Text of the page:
Ray McKinnon is a gifted actor, writer, director and producer of films. He grew up in Adel, Georgia and is best known as a character actor, usually playing southern weirdoes—but his range extends far beyond that. He was the “bonafide” guy engaged to Holly Hunter’s character in the Coen Brothers’ classic, O Brother, Where Art Thou. He was a dying preacher in HBO’s Deadwood. He’s also had roles in Apollo 13, A Perfect World, Driving Miss Daisy, Sommersby and dozens of TV movies and series.
Around 2000 Ray wrote, directed and starred in a short film called The Accountant. It was filmed in Conyers, Ga. for under $100,000. It was hilarious, tragic and might be about the best 38 minutes of filmmaking of the last decade or so. I saw a rough cut before it came out and became nearly obsessed with it, so much so that I went to Atlanta to see a screening and hopefully meet this redneck auteur. I took with me a nearly completed copy of my six-year work in progress; an album my band Drive-By Truckers made called Southern Rock Opera. We exchanged info and a friendship was born.
The Accountant went on to win at film festivals and ended up winning the 2002 Academy Award for “Best Live Action Short.”
Around that time, I wrote one of my better songs inspired (more in spirit than in literal story) by The Accountant. The song was called “Sink Hole” and a couple of years later, Ray used it in his first feature film Chrystal, a dark, beautiful film of loss and redemption starring Billy Bob Thornton and Lisa Blount (who is Ray’s wife as well as his co-producer).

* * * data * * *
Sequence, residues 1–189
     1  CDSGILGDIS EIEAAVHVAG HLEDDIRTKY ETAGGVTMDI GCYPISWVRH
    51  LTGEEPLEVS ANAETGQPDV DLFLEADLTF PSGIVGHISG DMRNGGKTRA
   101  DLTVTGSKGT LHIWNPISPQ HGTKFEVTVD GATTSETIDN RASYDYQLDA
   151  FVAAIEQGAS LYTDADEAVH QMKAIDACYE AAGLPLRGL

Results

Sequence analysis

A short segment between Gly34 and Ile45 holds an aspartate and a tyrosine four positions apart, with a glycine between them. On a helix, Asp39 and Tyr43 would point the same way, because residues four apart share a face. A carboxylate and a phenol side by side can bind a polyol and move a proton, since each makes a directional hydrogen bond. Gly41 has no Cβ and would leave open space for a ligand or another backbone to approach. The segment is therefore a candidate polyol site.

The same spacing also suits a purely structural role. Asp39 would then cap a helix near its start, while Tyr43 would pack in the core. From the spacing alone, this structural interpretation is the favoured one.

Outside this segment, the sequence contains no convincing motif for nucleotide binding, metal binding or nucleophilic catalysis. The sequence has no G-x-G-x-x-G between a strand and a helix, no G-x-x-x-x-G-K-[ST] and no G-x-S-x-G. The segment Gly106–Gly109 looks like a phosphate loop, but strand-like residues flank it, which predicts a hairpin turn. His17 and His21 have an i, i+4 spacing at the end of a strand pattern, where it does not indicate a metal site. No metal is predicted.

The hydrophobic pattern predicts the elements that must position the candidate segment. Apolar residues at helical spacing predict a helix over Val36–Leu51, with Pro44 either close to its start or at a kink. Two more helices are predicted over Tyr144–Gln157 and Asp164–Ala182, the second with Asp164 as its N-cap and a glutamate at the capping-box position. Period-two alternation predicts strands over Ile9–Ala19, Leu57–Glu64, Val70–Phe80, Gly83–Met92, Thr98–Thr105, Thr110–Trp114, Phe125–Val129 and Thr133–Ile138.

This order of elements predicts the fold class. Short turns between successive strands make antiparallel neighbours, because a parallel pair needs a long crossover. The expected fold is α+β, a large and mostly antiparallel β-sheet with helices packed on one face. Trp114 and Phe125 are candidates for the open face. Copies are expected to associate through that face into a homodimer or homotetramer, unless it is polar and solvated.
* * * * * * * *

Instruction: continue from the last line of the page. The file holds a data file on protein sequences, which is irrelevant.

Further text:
This year, Ray and Lisa are releasing a comedy called Randy and the Mob. In the film, Ray plays Randy, a “New South good ol’ boy” who has gotten himself in deep with the IRS and the mafia and has to go to Cecil, his estranged, flamboyantly gay identical twin brother (also played by Ray) to bail him out. Lisa plays Charlotte, his long-suffering wife who teaches baton lessons and has developed carpal tunnel syndrome. I ended up writing a song, inspired by Charlotte, called “She’s A Little Randy,” which Ray used in the film and on the upcoming soundtrack.
I was asked to interview Ray about the new film and whatever else I wanted to ask him. I called him at his new home outside Little Rock, Ark. to discuss movies, life and the importance of tax credits for luring filmmakers to the South. Oh yeah, Ray is funny as hell, so transcribing the interview was a lesson in weeding through the laughter. Enjoy.
Patterson Hood: Growing up in Adel, were you involved in local theatre or high school drama?
Ray McKinnon: I was certainly involved in drama, but not the kind you put on stage [laughter]. It was what they call an outdoor drama. My mother actually did theatre in college and summer stock and directed school plays, My grandmother directed school plays and both of my sisters acted in high school and one was an actress in college and my Dad was a Ford dealer, so there was acting all around—[laughter]—my dad being the best of the lot. My sister did a thesis film and needed someone my age to be a guy with a speech problem, as she was majoring in speech therapy, so she brought me to The University of Georgia to play this kid.
I wanted to do theatre in high school, but I was too scared to do theatre at a small town high school in Adel, Georgia [laughter]. So I stuck to sports. I was writing a lot so that eventually all came together.
PH: Did you act in any plays in college?
RM: I took this introduction to theatre class. I had always wanted to do that, but had been too self-conscious. It wasn’t easy for me to do.